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Ariz. education leaders tour Hall County schools
Visitors view how technology is incorporated when class is in session
Snow White, of Dell Computers, sits with Da Vinci Academy sixth-grader Jackson Hart as she and others from Arizona tour the school Friday afternoon to glean ideas about technology in schools.

Furthering its reputation as home to some of the country's most innovative classrooms, Hall County Schools played host to Arizona education leaders and policy makers on Friday.

Arizona State Sen. Rich Crandall, R-Mesa, and other Arizona education leaders toured Hall classrooms with an eye toward viewing how new technology is incorporated when class is in session.

Crandall, chairman of the Arizona Senate Education Committee, said what impressed him about the Hall school system was its ability to effectively use the technological tools it already has.

"(In Arizona), we don't have the money to buy a laptop for every student," he said.

Instead, the state senator said, the state and local school districts would have to be creative in implementing existing technology in the classroom and make smart investments in new tools.

In that area, Crandall said Hall is "ahead of most (systems) in this nation."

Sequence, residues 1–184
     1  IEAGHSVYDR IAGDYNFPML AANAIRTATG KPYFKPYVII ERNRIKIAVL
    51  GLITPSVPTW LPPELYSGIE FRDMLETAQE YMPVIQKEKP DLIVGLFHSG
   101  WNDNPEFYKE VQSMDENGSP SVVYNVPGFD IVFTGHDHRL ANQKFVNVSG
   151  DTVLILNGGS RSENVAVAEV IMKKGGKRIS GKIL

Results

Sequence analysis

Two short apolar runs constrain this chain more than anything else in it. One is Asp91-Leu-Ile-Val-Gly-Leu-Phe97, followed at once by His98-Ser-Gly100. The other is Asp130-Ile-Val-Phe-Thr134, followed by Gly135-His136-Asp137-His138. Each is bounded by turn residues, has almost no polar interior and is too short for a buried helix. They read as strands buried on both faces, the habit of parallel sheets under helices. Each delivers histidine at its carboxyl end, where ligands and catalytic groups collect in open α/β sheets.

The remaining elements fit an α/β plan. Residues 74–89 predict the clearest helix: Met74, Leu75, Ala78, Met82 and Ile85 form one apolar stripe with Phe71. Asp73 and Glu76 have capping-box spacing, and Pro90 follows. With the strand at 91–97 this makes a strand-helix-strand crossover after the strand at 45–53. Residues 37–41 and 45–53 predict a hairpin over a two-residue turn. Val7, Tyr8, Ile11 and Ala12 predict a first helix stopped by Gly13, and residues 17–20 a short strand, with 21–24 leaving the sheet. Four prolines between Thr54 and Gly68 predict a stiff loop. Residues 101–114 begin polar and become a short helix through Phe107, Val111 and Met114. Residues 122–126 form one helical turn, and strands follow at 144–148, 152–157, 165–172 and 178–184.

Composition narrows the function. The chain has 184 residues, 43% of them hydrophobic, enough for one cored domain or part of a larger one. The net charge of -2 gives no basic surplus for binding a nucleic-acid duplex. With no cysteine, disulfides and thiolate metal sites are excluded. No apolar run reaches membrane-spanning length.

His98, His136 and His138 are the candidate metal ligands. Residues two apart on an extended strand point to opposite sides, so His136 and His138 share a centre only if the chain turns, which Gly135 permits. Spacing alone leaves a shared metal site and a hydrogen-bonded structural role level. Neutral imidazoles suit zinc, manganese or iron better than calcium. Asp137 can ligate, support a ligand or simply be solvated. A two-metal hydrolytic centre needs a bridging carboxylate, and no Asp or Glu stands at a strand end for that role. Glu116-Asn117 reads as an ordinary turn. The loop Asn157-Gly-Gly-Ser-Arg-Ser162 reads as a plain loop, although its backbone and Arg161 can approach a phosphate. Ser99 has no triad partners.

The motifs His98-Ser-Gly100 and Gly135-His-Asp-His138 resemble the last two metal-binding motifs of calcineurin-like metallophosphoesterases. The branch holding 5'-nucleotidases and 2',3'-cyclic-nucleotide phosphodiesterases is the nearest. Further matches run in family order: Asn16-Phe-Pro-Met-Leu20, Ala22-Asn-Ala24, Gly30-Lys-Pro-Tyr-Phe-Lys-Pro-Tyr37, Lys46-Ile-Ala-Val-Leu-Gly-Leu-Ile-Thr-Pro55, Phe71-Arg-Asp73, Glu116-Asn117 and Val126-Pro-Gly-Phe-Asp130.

"Like Hall County, we're just going to learn as we go," he said.

Crandall not only took time to ask questions of teachers and school leaders but students as well.

As Da Vinci Academy seventh-grader Chris Lewis and his classmates filmed a book report for class, Crandall talked shop about editing software with the students to gauge their knowledge of the subjects.

Also on the tour was Denise Birdwell, superintendent of the Higley Unified School District in Arizona. Birdwell said she was looking for how teachers integrated technology into the classroom, particularly since her school system has invested in iPads. Birdwell took notes on some of the useful applications and websites students used in the classroom.

But what impressed Birdwell the most was the system's willingness to share what it had learned along the way - both successes and failures.

"That really streamlines the process for us," she said. "Too much education is done in isolation."

Hall similarly opened its door to local and state community leaders last week with a 21st century education tour.

Hall Superintendent Will Schofield said he intends to make these kind of open houses a regular occurrence both as a way for the school system to share its ideas, but also to bring in constructive criticism.